11 Ways We Can All Fight To Close The Gender Pay Gap

By Chloe Ropner
Marija Kovac

What is April 12? This is the day women must work until in order to make the same amount of money men made last year. It's the day we celebrate Equal Pay Day, a day which hopefully will be earlier and earlier each year to come.

It seems strange to celebrate a day that shouldn't need to be a holiday in the first place. Instead of “celebrating” by drowning our underpaid sorrows in wine and spite, let's focus on ways we can work to bridge the gap. Let's be determined, passionate and clear about what we want and deserve.

Let's have a reason to celebrate this day in the future. Let's take the time to celebrate the baby steps and congratulate the women who are making strides in a patriarchal society and workplace each and every day. The gender gap within the workplace may seem like a daunting social wall to climb, however, there are things we can do to create a better world for future women.

Here are 11 ways to incorporate this immensely important fight into your daily routine:

1. Create mentorships.

As young female professionals, we truly cannot fully comprehend all of the ground that has been covered by previous badass working ladies before us. However, to do this, all you have to do is ask. Engage in conversations with successful women in your life. Ask them about the male and female dynamics they have encountered in the working world and learn from their experiences.

You may be surprised by the stories and experiences they have to share. Seek out mentoring opportunities in your city and in your field to connect with successful women. By creating a community between us all, we can increase communication, build a team of successful women working together and support each other personally and professionally. Together we can change the societal stigma facing working women each and every day.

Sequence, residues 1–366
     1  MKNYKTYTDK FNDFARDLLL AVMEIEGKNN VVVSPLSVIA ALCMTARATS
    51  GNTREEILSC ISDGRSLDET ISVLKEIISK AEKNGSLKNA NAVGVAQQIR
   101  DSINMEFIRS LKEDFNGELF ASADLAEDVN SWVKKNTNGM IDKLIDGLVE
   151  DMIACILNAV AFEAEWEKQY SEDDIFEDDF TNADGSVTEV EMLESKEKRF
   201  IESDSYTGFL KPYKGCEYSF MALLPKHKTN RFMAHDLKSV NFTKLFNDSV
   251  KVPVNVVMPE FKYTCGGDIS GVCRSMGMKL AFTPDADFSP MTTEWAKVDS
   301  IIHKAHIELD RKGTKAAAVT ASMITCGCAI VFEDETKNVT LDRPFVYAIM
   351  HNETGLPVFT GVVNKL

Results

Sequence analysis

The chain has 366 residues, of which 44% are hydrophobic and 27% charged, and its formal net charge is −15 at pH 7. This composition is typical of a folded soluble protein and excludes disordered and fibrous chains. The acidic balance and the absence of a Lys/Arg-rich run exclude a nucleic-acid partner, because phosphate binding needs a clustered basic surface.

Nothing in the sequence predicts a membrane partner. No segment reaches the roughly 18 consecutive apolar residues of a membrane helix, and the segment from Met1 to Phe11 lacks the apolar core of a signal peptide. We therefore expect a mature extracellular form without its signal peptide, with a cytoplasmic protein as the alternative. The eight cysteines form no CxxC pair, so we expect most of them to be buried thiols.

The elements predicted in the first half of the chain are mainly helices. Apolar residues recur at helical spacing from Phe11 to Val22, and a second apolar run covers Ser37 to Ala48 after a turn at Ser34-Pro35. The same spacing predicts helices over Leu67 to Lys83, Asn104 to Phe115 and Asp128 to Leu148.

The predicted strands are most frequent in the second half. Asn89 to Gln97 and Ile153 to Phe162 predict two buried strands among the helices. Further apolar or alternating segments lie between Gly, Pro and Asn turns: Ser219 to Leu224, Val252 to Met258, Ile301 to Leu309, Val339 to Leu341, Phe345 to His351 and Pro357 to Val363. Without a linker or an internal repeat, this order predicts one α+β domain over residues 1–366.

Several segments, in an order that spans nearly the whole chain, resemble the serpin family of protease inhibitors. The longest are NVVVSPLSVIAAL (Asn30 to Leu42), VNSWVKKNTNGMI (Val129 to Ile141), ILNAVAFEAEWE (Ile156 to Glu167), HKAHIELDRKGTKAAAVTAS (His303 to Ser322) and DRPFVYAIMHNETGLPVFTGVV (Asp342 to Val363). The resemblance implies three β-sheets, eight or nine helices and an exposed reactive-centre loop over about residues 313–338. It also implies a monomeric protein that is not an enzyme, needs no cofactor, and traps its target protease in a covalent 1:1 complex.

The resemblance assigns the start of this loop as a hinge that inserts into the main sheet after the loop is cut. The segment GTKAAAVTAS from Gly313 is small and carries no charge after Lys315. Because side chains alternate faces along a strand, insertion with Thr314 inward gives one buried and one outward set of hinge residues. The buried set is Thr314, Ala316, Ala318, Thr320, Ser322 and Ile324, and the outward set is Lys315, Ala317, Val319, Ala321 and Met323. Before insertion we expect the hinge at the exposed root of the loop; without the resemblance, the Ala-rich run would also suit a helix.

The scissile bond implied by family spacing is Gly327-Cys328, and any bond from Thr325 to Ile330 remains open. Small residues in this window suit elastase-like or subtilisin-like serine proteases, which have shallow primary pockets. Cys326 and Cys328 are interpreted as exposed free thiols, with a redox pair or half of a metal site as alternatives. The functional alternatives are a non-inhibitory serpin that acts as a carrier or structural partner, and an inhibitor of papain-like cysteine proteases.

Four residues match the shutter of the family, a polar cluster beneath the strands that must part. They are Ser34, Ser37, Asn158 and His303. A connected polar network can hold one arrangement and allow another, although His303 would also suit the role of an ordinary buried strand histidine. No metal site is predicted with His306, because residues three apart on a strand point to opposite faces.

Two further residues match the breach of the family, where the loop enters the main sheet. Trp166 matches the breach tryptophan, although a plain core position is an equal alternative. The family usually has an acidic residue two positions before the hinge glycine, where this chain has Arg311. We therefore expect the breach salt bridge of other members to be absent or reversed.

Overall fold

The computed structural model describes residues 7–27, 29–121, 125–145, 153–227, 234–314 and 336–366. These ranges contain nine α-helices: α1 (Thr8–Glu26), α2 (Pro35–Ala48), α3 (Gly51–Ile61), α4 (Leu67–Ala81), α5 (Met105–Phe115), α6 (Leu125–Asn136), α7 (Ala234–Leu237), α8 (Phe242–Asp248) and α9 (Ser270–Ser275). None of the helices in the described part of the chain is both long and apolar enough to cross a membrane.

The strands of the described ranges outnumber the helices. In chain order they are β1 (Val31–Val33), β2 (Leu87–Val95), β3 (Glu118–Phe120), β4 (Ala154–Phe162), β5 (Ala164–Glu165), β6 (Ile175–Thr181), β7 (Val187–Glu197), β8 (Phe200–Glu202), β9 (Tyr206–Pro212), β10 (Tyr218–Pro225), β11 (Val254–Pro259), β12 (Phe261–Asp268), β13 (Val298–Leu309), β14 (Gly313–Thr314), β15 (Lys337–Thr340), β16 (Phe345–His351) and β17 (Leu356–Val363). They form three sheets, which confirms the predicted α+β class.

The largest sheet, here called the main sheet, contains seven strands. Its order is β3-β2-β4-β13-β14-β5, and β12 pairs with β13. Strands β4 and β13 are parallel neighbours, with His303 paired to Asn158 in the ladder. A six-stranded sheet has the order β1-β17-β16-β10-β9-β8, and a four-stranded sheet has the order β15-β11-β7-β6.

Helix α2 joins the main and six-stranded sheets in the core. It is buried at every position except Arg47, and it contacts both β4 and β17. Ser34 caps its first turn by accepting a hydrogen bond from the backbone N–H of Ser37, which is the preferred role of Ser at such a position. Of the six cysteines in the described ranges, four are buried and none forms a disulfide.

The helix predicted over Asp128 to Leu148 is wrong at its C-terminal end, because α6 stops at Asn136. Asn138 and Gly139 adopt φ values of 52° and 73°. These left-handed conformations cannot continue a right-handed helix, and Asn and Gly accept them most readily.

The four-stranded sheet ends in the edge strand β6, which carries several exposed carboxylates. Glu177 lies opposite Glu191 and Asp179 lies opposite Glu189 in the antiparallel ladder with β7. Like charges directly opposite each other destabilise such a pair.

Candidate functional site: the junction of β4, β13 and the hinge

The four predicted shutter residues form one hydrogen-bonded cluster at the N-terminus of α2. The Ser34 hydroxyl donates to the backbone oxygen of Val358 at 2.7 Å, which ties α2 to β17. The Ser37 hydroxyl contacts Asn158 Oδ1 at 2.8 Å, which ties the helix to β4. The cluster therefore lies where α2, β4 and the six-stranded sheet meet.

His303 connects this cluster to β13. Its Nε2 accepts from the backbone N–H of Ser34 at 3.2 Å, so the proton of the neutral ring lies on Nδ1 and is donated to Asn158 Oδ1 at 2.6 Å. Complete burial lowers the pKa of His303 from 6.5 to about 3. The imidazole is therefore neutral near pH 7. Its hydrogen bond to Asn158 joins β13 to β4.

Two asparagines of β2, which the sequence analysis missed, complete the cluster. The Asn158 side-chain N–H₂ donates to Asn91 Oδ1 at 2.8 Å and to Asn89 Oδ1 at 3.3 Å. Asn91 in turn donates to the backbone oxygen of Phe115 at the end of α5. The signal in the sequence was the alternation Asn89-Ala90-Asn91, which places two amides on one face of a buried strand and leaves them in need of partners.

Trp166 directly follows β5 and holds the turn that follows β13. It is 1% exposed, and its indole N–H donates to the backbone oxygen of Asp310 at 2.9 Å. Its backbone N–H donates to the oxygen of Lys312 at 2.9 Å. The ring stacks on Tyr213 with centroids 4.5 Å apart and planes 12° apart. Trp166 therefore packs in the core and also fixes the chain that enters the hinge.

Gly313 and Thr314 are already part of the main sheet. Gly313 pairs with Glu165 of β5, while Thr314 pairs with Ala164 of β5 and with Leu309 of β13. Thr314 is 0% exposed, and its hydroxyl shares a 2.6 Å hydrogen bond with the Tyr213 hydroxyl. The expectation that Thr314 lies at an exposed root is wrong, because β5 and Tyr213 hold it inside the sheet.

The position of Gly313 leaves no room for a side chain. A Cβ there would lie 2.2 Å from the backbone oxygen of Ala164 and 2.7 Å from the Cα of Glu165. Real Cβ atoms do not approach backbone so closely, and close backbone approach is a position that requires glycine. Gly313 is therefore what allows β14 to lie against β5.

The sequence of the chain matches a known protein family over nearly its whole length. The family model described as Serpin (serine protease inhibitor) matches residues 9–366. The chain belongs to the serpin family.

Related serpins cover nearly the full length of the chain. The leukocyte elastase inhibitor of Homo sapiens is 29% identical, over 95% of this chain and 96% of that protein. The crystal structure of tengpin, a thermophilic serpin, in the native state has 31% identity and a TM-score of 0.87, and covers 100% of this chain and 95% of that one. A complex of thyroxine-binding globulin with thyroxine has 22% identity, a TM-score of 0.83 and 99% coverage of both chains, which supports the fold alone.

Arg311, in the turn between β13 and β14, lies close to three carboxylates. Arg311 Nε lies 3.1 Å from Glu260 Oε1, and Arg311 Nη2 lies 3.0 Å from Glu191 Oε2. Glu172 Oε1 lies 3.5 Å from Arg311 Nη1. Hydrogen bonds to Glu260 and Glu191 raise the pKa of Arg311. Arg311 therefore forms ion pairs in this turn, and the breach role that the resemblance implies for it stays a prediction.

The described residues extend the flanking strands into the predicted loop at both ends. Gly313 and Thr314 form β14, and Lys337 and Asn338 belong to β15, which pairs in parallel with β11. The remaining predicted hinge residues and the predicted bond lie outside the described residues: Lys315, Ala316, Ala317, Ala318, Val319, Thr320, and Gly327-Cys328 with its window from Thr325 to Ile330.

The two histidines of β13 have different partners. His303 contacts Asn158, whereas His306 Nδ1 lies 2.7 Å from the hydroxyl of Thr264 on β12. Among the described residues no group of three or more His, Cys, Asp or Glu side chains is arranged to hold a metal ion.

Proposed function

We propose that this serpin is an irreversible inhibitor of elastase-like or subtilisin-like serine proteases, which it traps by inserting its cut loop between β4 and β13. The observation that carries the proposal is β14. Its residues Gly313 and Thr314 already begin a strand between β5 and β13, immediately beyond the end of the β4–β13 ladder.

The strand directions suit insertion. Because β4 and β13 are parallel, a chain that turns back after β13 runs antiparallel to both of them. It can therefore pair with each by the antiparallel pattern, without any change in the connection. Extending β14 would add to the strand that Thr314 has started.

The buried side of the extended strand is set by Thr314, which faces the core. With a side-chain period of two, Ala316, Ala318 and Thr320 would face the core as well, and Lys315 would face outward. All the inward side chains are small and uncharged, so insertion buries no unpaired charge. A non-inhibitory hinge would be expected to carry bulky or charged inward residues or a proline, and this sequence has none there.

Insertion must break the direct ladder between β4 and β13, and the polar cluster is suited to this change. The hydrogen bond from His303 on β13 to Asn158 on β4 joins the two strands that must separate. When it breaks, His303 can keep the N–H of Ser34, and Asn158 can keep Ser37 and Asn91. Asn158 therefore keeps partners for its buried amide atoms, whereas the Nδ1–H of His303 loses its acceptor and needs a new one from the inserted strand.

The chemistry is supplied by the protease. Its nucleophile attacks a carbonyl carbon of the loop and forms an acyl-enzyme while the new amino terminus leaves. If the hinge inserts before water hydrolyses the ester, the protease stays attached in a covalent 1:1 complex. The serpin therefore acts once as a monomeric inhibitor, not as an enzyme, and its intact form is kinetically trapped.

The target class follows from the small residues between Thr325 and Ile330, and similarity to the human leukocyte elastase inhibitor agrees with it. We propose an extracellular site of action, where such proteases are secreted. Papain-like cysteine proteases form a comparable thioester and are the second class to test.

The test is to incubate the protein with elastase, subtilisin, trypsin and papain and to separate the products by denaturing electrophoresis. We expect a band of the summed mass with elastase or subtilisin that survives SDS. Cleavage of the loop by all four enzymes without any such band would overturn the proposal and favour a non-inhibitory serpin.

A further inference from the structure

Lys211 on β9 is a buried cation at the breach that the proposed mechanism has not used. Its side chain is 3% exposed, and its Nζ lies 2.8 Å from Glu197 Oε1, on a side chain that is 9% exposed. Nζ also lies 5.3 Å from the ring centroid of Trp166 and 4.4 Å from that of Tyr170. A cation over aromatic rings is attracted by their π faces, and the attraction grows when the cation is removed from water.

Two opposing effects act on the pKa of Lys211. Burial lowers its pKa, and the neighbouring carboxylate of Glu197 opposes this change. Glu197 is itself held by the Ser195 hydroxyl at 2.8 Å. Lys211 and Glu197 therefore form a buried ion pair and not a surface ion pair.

2. Pay attention to company leadership.

When applying and searching for your next job, do your homework on the business you may work for. Look at the leadership. Are there women holding leadership roles? Are minorities and diversity present in their workforce?

By deciphering whether workplace differences are celebrated rather than tolerated, you can understand the perspectives of the companies you are interested in. By applying to openminded organizations working to close the pay gap, we can change the popularity. If the job seekers are all passionate about working for equally paying employers, the rest of the workforce will eventually need to change to meet the demand.

3. Learn to negotiate.

Asking for raises can be terrifying. According to research, women are less likely to negotiate over salary in the workplace. Let's change that data. Negotiation is a common part of acquiring a job. Do your homework and research the best way to negotiate salary. Resources from Forbes and Inc. are available with tips and strategies.

Research the industry wide standards for pay between men and women so you are educated on what salary you should be getting. Another useful resource can be mentors. Male and female mentors can help you navigate negotiations as they will have significant experience on both sides of the table in this respect. Go get the money you deserve.

4. Thanks, Obama.

Obama recently came out with a plan to increase business transparency with companies reporting their salary data so as to better monitor pay discrepancies across gender, class and race. This is a step in the right direction. So follow up on these reports in the future so you can research companies and be aware of the salary differences you may be experiencing. Thanks, Obama.

5. Get involved in politics.